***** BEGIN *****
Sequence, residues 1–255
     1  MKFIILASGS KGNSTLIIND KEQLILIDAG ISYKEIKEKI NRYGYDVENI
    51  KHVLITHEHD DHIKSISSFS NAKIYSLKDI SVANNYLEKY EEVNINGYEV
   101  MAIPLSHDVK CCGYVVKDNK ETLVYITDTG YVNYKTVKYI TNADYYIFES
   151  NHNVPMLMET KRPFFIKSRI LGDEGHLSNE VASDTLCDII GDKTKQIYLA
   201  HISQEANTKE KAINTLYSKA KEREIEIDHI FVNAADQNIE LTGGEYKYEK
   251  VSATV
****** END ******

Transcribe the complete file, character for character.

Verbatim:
Sequence, residues 1–255
     1  MKFIILASGS KGNSTLIIND KEQLILIDAG ISYKEIKEKI NRYGYDVENI
    51  KHVLITHEHD DHIKSISSFS NAKIYSLKDI SVANNYLEKY EEVNINGYEV
   101  MAIPLSHDVK CCGYVVKDNK ETLVYITDTG YVNYKTVKYI TNADYYIFES
   151  NHNVPMLMET KRPFFIKSRI LGDEGHLSNE VASDTLCDII GDKTKQIYLA
   201  HISQEANTKE KAINTLYSKA KEREIEIDHI FVNAADQNIE LTGGEYKYEK
   251  VSATV